Council President Invites Professor to Teach Lesson on Boosting City Business

A Babson College professor of entrepreneurship will take the city to school Tuesday night, at the invitation of council President John A. Michitson (pictured above).

Daniel Isenberg (pictured at left), who leads the Babson Entrepreneurship Ecosystem Project, plans to explain the project to city officials in the hopes that they will gain insight into ways to help start-ups and small businesses to thrive in Haverhill.

The City Council meets at 7 p.m. in the Theodore A. Pelosi Jr. Council Chambers on the second floor of Haverhill City Hall. The meeting is open to the public.

Click image for Haverhill City Council agenda.

Michitson’s goal throughout his tenure on the City Council has been to lure innovative businesses that would bring 21st century jobs to the city.

Isenberg has led BEEP projects worldwide, and says the most important ingredient is committed leadership. He said the BEEP initiative helps regional leaders create the policies, structures, programs and climate the foster entrepreneurship.

If the city should decide to take part in a BEEP project, the first step would be to organize a series of meetings, presentations and workshops to rally a group of local public and private leaders to understand what Isenberg calls the “ecosystem mindset” and how it applies to the city.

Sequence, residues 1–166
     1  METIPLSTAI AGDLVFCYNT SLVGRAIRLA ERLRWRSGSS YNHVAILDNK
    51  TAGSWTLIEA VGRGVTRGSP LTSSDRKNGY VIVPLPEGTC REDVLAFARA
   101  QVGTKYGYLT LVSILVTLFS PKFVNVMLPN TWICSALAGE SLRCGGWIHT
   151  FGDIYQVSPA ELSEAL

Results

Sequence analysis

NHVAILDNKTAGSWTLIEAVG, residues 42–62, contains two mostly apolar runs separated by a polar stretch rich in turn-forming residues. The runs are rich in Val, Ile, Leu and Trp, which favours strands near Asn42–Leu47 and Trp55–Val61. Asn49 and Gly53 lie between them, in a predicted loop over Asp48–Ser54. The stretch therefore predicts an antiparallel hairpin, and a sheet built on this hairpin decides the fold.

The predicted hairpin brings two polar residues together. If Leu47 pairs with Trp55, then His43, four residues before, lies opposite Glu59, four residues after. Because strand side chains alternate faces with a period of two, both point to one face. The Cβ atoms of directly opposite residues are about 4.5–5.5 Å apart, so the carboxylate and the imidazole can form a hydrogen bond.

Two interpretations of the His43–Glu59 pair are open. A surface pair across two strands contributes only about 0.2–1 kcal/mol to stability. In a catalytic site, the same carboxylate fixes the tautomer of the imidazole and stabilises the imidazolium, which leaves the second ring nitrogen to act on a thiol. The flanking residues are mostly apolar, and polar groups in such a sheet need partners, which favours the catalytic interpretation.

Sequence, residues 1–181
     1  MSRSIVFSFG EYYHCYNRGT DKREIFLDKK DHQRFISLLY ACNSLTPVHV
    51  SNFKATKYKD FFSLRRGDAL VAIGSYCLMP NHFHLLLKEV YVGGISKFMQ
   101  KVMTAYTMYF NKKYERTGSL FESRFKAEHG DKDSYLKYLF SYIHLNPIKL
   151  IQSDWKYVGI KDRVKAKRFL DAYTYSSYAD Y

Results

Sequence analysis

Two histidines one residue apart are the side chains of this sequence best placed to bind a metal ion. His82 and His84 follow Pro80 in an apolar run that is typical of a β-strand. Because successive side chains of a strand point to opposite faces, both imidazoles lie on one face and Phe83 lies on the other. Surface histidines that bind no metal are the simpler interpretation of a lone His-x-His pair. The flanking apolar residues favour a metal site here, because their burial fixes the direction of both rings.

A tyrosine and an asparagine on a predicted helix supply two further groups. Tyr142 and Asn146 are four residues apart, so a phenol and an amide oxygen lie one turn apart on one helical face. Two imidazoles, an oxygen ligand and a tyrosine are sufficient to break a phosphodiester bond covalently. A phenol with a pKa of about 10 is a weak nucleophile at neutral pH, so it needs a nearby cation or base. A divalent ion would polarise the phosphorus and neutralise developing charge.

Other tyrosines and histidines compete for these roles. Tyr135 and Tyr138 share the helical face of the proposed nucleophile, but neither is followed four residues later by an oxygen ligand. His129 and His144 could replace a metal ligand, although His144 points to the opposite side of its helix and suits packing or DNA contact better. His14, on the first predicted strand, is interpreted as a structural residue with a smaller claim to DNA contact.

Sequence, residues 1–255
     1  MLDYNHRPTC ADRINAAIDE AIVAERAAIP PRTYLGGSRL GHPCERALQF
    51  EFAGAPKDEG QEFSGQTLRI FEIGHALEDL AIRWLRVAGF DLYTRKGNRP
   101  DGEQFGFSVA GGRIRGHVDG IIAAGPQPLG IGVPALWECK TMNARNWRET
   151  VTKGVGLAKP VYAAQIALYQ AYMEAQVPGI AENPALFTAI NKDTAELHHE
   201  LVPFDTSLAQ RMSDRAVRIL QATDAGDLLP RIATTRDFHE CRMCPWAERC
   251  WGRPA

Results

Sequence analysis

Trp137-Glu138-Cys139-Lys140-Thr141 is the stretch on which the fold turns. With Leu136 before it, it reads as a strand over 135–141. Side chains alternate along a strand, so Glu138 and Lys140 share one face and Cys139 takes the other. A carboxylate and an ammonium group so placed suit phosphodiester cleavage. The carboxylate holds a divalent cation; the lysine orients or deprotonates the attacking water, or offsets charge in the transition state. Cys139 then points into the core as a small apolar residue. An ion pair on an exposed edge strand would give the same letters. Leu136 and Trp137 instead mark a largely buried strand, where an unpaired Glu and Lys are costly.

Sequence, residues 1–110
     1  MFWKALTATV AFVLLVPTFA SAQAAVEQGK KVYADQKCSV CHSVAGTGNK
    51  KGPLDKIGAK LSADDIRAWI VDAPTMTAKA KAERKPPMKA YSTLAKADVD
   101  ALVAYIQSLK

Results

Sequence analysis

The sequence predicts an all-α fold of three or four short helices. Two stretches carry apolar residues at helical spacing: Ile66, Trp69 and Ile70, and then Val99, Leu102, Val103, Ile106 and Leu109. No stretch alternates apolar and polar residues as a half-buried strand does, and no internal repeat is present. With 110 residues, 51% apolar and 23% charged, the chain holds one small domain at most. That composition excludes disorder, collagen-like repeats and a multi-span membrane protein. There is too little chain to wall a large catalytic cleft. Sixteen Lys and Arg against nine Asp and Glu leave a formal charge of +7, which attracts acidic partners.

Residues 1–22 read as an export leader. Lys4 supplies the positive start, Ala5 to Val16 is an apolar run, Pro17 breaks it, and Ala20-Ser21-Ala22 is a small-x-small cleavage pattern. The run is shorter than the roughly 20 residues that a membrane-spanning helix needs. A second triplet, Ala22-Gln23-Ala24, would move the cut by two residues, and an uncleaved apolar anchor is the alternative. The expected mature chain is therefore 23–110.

The group is expected to come to consensus about a mission and objectives, time frames, assets and liabilities of the current environment, and commitment to launch a full-fledged project.

Councilors have canceled a hearing on a 42-unit apartment project at 127-133 Merrimack St. scheduled for Tuesday’s meeting. RB Asset Management has withdrawn its application.

 

After 5:44pm on Monday December 18th, 2017 this article available to paying WHAV members only.

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One Comment;

  1. Duncan Burns said:

    “Isenberg has led BEEP projects worldwide,” –

    Great! I wonder if that includes an environment where “leaders” continue attract the lowest common denominator to its populace? In a state, thanks to its political ideological and determination to keep crony capitalism its main business model, which has led to the number one job creator in MA to leave: manufacturing. So while the rest of The United States enjoys the revitalization, abet subsidized, return of manufacturing jobs, MA has found a way to keep itself isolated. Union greed, hypocrisy, and cronyism has helped deter any manufacturer to think twice before coming here.

    Of course, I would question any company motives that is drawn to a city with a failing school system, rise in crime, and ground zero in the opioid crisis.

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